According to many health professionals, Aricept, Reminyl, Exelon and Tacrine are similar drugs, and therefore expose AD patients with cardiovascular problems to an increased risk of death from taking these drugs.

(4/20/05)-Johnson & Johnson will change the name of its Alzheimer's disease drug Reminyl to Razadyne starting July 1, in order to avoid confusion with Sanofi-Aventis' similar sounding name drug Amaryl, which is used to treat diabetes. The Ortho-McNeil Neurologics unit of Johnson, which makes the drug also announced that an extended time release version of the drug Razadyne ER would also become available sometime around mid-May of this year.

Ortho-McNeil has been working on the problem with the FDA since last year when it learned of several prescribing and dispensing errors between the two drugs. Ortho-McNeil said that it was aware of two deaths that had taken place because of confusion between the two drugs. Ortho-McNeill alerted health care professionals of the problem back in October 2004. The two drugs were packaged in a similar manner and have a 4-mg dose strength. The confusion between the two drugs also led to several cases of severe hypoglycemia.

The FDA will require "black box" warnings on about the risk of death in elderly dementia patients taking the following medications: Eli Lilly & Co.'s Zyprexia and Symbgax, J&J's Risperdal, AstraZeneca PLC's Seroquel, Novartis AG's Clozaril, Pfizer's Geodon, and Abilify, marketed by Bristol-Myers Squib Co, and Otsuka Pharmaceutical Co.

(6/29/04) As all our readers must know, Alzheimer's Disease is the most common cause of intellectual decline in old age. It is a disorder that can only be definitely diagnosed after death by doing tissue study of the brain. It is estimated that about 4.5 million Americans have Alzheimer's disease, and about a million use one or another of the drugs at an estimated cost of $1.2 billion a year.

There is degeneration of neurons, which result in memory impairment, loss of orientation and changes in personality and behavior. Animal studies indicated that a class of drugs called anticholinergic drugs lead to defects in learning and behavior. The next step would be to prevent the loss of cells and reestablish contacts between cells at their synapses. This is the stage researchers are presently exploring as a therapeutic modality for Alzheimer's Disease. The following are the major medications in use at present that make use of this important fact:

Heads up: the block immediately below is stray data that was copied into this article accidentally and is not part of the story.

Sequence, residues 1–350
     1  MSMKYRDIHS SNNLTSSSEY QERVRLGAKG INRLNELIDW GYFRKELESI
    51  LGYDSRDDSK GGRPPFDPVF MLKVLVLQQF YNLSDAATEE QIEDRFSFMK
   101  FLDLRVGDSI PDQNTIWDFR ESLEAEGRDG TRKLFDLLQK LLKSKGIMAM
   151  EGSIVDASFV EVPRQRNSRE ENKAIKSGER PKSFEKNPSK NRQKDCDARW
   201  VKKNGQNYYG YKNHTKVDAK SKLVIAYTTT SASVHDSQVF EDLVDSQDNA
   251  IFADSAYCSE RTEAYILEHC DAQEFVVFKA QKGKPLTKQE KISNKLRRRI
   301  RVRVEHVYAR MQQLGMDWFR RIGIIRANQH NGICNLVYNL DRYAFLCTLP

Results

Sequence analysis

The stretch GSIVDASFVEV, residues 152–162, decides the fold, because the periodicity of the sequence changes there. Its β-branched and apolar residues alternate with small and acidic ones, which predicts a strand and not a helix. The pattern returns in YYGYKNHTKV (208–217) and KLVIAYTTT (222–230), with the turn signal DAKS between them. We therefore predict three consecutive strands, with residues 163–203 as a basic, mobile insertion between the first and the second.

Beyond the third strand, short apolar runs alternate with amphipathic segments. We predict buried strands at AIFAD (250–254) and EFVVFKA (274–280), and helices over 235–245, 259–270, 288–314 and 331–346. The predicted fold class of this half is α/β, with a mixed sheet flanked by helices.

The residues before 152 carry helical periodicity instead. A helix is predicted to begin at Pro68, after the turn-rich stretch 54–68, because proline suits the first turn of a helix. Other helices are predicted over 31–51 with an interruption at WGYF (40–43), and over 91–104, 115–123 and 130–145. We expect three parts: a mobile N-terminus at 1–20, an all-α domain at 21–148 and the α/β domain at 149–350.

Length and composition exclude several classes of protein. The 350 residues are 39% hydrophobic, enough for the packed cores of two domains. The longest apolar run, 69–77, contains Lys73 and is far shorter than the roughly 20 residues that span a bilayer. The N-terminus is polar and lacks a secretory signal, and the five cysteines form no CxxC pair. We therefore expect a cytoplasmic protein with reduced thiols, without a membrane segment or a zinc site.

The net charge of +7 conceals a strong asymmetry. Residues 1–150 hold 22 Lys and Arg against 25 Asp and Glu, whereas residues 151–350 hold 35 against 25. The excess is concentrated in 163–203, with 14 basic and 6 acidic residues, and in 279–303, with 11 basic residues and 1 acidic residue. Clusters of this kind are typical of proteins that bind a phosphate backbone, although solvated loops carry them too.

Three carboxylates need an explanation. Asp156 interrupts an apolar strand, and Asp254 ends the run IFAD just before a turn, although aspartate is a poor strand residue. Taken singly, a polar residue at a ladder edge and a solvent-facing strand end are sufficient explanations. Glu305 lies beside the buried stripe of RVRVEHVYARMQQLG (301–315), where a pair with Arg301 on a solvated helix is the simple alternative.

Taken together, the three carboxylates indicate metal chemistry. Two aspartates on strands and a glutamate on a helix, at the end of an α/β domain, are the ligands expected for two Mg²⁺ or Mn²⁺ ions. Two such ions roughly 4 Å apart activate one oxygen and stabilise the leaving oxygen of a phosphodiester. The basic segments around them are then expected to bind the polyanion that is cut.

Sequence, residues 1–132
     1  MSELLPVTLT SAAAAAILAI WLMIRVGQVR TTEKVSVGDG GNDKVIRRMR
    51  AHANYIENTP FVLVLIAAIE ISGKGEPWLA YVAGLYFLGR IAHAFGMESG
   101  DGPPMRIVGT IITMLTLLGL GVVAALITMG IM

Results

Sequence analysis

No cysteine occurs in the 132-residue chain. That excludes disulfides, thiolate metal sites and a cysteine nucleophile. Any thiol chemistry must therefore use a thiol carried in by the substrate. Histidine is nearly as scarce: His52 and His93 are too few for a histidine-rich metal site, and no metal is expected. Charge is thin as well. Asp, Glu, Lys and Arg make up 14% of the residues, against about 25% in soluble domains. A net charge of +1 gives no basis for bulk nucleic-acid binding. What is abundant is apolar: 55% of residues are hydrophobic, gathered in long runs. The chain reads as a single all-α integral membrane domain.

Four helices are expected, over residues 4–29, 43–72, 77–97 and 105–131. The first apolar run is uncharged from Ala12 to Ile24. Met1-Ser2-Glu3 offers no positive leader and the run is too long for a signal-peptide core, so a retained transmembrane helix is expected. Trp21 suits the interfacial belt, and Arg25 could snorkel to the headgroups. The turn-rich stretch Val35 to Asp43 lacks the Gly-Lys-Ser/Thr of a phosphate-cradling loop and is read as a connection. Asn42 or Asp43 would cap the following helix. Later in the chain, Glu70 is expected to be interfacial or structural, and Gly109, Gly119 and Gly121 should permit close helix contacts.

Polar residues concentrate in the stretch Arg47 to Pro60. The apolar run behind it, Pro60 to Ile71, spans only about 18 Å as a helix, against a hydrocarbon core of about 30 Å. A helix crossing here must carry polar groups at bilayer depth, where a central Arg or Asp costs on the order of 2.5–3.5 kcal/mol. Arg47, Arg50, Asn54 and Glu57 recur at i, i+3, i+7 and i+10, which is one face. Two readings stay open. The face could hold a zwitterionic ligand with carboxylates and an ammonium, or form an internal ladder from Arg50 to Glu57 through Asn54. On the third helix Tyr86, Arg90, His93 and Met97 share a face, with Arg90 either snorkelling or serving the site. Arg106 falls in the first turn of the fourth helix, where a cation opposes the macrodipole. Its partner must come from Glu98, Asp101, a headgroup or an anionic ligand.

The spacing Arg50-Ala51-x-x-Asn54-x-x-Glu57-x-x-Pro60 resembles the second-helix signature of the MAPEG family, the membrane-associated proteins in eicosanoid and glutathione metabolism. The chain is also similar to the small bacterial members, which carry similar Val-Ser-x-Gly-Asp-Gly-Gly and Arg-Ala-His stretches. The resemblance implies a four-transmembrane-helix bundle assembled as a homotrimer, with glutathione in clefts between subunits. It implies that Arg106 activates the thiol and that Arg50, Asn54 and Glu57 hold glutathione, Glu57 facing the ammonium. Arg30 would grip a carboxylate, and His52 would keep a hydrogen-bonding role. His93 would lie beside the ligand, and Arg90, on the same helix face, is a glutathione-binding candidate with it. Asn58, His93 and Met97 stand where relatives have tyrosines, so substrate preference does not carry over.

Aricept (Donepezil HCL) has been developed by a company called Eisai America Inc. and is being co-promoted by Pfizer Inc. It is approved for use in mild to moderate Alzheimer's Disease. Side effects noted include nausea, diarrhea and vomiting.

Exelon (ENA-713) Preliminary data from a world wide study of this drug shows promise in providing symptom relief for patients with early to moderate stages of Alzheimer's disease. It is neither metabolized by, nor eliminated by, the liver eliminating certain side effects found in medications. It attempts to block the neurotransmitter that is thought to break down a substance (acetylcholine) needed for cognition and learning.

Tacrine (Cognex) was the first drug approved by FDA for use in Alzheimer's Disease. It retards the progress of the disorder in its early stages. Its major activity is to raise acetylcholine levels in the brain. It has caused some liver problems so it has to be monitored carefully.